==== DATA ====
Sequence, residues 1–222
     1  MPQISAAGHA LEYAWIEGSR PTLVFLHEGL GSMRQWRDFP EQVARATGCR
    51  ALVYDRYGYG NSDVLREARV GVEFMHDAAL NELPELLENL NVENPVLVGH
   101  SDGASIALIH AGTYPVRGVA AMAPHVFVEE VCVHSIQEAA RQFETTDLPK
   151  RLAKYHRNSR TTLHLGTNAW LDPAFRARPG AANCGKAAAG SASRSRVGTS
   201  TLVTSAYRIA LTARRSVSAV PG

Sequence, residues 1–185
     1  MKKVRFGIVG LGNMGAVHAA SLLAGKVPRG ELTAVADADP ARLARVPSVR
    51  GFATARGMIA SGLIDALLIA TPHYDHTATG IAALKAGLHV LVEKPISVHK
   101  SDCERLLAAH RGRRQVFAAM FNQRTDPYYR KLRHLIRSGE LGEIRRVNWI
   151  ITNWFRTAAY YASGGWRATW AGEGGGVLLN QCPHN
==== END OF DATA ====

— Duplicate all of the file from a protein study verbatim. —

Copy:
Sequence, residues 1–222
     1  MPQISAAGHA LEYAWIEGSR PTLVFLHEGL GSMRQWRDFP EQVARATGCR
    51  ALVYDRYGYG NSDVLREARV GVEFMHDAAL NELPELLENL NVENPVLVGH
   101  SDGASIALIH AGTYPVRGVA AMAPHVFVEE VCVHSIQEAA RQFETTDLPK
   151  RLAKYHRNSR TTLHLGTNAW LDPAFRARPG AANCGKAAAG SASRSRVGTS
   201  TLVTSAYRIA LTARRSVSAV PG

Sequence, residues 1–185
     1  MKKVRFGIVG LGNMGAVHAA SLLAGKVPRG ELTAVADADP ARLARVPSVR
    51  GFATARGMIA SGLIDALLIA TPHYDHTATG IAALKAGLHV LVEKPISVHK
   101  SDCERLLAAH RGRRQVFAAM FNQRTDPYYR KLRHLIRSGE LGEIRRVNWI
   151  ITNWFRTAAY YASGGWRATW AGEGGGVLLN QCPHN